• Maybe hoarding behaviour comes from a fear of falling on hard times? I'm certainly guilty of holding onto things just in case they can be re-used and save some money. I think hoarding might provide some people with a sense of security. I do feel sorry for those people you see in television documentaires who can't even get into certain rooms in their house because there's too much stuff. 
  • After I got sober I became a hoarder. I got really bad because I started crafting, and I threw away nothing. I was a crafting fool. I loved it so much all I saw was crafts I could make when throwing something away. So after awhile all that junk added up. I finally stopped doing it thank god.
  • My friends father is an extreme hoarder. He even saves every single piece of junk mail that comes to his house - what use is any of that if those flyers and offers have long since expired?His entire kitchen and dining area is filled with stacks of them, almost to eye level. There is a narrow channel for you to walk through to get in the house and into the kitchen. It's literally a big time fire hazard because if some sparks flew or some burning piece of whatever traveled from the stove and hit one of those stacks of papers, that place would be up in flames in no time.

    What's a bit ironic, is outside of his house he has a very well organized and pristine garden that he tends to. Each plant is growing in it's own plastic barrel, propped up on work horses and two by fours. Everything is meticulously labeled, and even the smaller potted plants or things that are sprouting are carefully labeled and organized. Nothing is cluttered and there are no piles of junk around his yard. You would almost never guess he was a hoarder until you entered his house.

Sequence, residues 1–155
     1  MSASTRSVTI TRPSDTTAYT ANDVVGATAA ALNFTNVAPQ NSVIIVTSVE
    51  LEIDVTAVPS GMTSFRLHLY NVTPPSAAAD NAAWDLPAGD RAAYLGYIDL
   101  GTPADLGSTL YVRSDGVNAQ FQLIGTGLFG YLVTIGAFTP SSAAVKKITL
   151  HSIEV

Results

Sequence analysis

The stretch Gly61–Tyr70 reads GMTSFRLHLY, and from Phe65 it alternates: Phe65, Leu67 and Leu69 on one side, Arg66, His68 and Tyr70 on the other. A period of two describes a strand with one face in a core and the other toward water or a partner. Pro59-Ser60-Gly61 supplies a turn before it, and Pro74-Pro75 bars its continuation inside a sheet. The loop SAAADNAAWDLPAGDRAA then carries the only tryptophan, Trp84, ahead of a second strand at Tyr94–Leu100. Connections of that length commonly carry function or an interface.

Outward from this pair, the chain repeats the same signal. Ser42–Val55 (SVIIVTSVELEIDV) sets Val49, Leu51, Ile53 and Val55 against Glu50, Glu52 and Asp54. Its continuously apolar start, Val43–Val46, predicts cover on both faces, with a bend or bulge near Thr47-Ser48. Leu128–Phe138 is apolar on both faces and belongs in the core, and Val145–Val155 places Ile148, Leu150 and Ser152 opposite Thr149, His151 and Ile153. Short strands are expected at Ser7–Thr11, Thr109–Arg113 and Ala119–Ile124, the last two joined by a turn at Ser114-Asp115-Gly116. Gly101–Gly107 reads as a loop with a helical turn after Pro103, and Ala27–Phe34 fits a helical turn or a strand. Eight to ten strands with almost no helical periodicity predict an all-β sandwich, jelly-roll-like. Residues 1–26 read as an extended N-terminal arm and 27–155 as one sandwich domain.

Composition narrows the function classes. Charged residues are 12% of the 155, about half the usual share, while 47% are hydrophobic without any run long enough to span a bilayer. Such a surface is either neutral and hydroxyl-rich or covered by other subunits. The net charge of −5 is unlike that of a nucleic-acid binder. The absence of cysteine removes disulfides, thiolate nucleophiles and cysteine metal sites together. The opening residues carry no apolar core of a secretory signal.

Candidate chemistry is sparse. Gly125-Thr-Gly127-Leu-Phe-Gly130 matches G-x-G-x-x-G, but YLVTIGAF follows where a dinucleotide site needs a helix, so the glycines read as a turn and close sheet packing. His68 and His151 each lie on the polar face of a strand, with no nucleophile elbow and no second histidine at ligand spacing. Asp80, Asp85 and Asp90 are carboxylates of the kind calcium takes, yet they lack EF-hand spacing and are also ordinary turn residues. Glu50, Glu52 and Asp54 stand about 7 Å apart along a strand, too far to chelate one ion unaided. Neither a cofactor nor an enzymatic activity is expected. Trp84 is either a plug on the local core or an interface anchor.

• Oh my goodness the hoarders LOL. My dad is one who would hoard certain that would not work and says he would fix it but does not. I try not hoard anything so I would not have so much junk around me.
  • There was another couple I knew (not the one I mentioned in another like post) that hoarded. But they had married in the depression era. When I saw their basement which was filled with plastic milk bottles, which the old man did indeed cut and use as bird feeders, I realized that hoarding doesn't mean they don't have a purpose. It is just they have lived in a time when they had nothing and it is hard for them to be wasteful by getting rid of things they might need later. When a hoarder gives you something it is like they are parting with a treasure. 
  • That is really just another addiction, really. Hoarders do not ever tend to realize they are hoarders just like a lot of drug addicts do not think or realize that they are ever really addicted to the substance that they are continuously abusing. It is not different, really.
  • My ex's mother is a hoarder. We tried talking to her and making cases but she never listened she kept expanding her junk once he and his brother moved out. When we moved in for a short while I attacked her hoard and donated a ton of stuff to charity and threw away rat feces/piss infested papers, ect. She got so angry but they were items that her sons didn't want since they grew up and everything didn't fit and was covered in feces, ect. It wasn't like they wanted anything since I asked my ex and his brother prior to going on a cleaning binge. I kept things that would be sentimental to her but after that it all had to go.

    I admit that I hoard stuff to a degree but it's digital and not anything of physical substance. I can't stand to hold onto stuff I never use in real life and I guess because for the most part digital stuff doesn't intrude on my real life so to speak that I just keep hoarding things like images, music, movies.
  • That's absolutely true. But I think it's important sometimes to think of it and to take care of it and manage it. Sometimes having support from family and friends will help dramatically and it's very important to take notice of what you hoard of, especially, it might be something that's useless and I know the obsessions sometimes, but you can still make it, being exposed to not hoarding will help a lot, as exposure is a great way of curing anxiety.
  • Some of these comments, along with those in the other hoarding topics, make me wonder how much of a role upbringing plays in packrat tendencies and hoarding. Some people I’ve known who held onto things were brought up by Depression-era parents. Or they grew up during the Great Depression themselves. The “just-in-case” mentality and fears of falling on hard times are strong with most of the hoarders/packrats I’ve known, but especially so in older packrats. And then when it becomes pathological it turns into full-on hoarding.